Decades of war, insecurity, natural disasters, land disputes and displacement have devastated the livelihoods of millions across the Sudan. Approximately 87 percent of the population depends on agriculture as a means to generate income and supplement household food requirements. Agricultural land, seeds, tools and equipment were damaged or lost during conflict, leaving rural households without the necessary means to resume their way of life or even subsistence.

In Darfur, crop production already lies below household subsistence levels. Mass population movements caused by conflict combined with poor rainfall have caused a reduction in yields and the overexploitation of the natural resources upon which rural livelihoods depend. Coping strategies to mobilize capital related to brick-making, charcoal production, firewood and grass collection rely on scarce and unsustainable resources. These activities also place women at greater risk of gender-based violence.

Lack of veterinary support has increased livestock morbidity, as herders in transit with their animals pass through disease-prevalent corridors. Flooding during July and August in Southern Sudan triggered animal diseases, and reduced livestock and crop productivity. In drought-afflicted and resource-depleted areas, access to grazing land and water remains a flashpoint for clashes.

Restoring the livelihoods and food production capacity of vulnerable households across the Sudan will be paramount to increasing their food security, nutritional status and resilience to future shocks.

FAO response

In 2009, FAO will address the region- and context-specific needs of households across the Sudan, with the aim to restore, improve and stabilize their food security and livelihoods.

Crop-based farming interventions will include the distribution of seeds, agricultural tools, animal-drawn implements and training in improved farming practices. FAO will help vulnerable communities to create homestead vegetable gardens and rehabilitate community nurseries producing fruit and local tree seedlings. FAO also aims to strengthen livelihoods by promoting alternative income-generation activities, such as beekeeping, food processing and blacksmithing.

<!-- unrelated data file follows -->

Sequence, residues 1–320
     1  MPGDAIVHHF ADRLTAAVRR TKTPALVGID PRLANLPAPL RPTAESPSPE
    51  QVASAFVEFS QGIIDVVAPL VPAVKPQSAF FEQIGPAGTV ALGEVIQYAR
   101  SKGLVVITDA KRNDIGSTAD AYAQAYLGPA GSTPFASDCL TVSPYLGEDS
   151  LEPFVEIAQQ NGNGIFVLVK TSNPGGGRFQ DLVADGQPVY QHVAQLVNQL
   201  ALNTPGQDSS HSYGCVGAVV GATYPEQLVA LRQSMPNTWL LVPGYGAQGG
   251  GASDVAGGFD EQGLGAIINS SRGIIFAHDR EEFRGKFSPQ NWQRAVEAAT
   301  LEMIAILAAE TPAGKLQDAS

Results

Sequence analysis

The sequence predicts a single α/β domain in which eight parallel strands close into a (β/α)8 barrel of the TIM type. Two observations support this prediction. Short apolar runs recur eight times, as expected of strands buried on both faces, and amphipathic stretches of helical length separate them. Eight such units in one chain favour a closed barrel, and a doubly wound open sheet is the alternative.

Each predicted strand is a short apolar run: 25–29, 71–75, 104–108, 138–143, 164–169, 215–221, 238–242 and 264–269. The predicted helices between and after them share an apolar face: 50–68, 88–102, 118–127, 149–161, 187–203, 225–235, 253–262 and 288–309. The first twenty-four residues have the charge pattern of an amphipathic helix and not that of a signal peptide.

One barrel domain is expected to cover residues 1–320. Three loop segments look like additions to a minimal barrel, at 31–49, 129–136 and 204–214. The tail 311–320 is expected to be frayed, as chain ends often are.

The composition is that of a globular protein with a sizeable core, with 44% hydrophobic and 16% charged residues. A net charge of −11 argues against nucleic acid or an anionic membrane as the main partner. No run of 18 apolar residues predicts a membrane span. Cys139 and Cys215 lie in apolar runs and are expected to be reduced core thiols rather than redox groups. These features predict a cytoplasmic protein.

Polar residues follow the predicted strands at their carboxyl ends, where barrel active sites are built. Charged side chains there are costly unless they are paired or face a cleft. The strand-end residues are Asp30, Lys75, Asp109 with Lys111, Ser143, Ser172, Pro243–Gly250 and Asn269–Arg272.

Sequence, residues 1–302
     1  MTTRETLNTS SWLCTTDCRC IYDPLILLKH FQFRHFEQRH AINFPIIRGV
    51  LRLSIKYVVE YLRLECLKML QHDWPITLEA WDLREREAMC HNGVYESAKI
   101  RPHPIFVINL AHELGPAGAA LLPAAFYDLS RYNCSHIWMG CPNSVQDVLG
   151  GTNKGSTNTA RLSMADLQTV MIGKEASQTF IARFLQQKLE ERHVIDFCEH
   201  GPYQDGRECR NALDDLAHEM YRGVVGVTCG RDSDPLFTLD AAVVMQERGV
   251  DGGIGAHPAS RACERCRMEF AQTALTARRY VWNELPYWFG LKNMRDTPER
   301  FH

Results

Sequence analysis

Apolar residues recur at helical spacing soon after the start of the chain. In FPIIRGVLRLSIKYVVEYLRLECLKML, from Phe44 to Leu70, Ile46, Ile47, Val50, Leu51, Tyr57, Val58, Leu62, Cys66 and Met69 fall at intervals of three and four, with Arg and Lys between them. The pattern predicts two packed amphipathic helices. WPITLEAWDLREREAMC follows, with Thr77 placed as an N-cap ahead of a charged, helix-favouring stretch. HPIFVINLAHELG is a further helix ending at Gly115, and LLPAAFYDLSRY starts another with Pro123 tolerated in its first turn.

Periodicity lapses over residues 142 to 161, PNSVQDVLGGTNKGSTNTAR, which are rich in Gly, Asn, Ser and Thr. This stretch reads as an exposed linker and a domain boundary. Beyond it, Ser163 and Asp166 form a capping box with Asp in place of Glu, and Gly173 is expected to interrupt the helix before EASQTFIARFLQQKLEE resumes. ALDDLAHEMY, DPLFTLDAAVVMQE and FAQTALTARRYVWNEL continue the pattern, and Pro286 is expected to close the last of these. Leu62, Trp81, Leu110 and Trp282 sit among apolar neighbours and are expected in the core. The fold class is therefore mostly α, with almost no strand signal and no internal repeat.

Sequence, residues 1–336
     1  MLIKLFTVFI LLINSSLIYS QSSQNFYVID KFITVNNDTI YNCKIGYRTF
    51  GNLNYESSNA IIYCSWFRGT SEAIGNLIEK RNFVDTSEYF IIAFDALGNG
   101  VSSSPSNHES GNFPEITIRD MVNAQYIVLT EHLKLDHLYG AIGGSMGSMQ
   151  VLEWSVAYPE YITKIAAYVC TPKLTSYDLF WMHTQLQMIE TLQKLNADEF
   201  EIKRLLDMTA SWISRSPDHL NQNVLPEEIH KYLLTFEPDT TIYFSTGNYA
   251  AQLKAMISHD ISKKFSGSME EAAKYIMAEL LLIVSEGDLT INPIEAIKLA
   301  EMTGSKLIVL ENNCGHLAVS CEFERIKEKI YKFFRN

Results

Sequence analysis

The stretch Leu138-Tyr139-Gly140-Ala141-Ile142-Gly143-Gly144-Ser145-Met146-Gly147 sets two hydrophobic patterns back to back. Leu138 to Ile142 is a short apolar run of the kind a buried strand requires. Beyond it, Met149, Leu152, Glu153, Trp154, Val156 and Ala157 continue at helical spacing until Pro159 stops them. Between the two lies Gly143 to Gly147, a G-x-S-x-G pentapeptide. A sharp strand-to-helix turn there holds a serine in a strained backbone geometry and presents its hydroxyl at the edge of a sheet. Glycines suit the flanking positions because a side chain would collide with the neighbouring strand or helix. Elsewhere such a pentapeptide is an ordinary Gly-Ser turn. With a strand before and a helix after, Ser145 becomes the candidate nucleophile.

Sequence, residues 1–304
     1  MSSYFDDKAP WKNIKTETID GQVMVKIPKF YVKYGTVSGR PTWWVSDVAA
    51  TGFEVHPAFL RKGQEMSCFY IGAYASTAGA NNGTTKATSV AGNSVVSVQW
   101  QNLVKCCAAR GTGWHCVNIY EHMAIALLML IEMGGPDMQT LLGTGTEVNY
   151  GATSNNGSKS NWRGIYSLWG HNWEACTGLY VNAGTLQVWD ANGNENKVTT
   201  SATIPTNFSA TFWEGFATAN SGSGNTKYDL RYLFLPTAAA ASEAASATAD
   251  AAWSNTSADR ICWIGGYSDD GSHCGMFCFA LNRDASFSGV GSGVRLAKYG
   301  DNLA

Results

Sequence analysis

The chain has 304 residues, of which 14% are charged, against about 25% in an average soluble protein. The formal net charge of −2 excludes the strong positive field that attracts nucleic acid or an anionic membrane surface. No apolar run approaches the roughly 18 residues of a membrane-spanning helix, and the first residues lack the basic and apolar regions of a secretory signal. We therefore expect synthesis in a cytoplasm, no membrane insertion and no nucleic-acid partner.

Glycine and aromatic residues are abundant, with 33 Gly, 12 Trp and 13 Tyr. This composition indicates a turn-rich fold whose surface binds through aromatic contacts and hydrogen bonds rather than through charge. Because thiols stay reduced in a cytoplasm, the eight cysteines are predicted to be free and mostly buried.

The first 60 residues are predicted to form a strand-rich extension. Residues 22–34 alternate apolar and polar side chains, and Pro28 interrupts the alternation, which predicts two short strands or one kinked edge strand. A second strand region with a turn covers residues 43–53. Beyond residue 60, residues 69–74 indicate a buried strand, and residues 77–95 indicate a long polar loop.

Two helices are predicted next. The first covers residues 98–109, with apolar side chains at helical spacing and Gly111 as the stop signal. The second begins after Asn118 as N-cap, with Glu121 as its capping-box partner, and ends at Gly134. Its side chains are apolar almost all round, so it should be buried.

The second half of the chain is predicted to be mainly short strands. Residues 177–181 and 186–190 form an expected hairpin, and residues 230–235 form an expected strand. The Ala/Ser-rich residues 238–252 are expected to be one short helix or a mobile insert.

Planned activities to promote sustainable resource management will focus on high-risk areas and will include: the establishment of nurseries for community reforestation; production and use of fuel-efficient stoves to mitigate deforestation; establishment of fodder banks to improve grazing and pasture protection during the dry season; and community-based negotiation and mediation mechanisms to address natural resource management and land use.

To safeguard the livelihoods of herders, FAO interventions also seek to improve livestock disease surveillance, conduct vaccination campaigns, provide training to CAHWs, establish veterinary community centres and to support the preparation of a Rift Valley Fever preparedness and control plan. The provision of livestock and cold chain infrastructure will add value to the livelihoods of herders. Planned activities also aim to equip fishers with basic gear and equipment.

Coordination remains an important aspect of FAO’s proposed response in the Sudan. It is essential to strengthen the impact of interventions by the various humanitarian and recovery actors in the fields of food security and livelihoods, by avoiding gaps and duplication of interventions, increasing advocacy and promoting the dissemination of information on food security.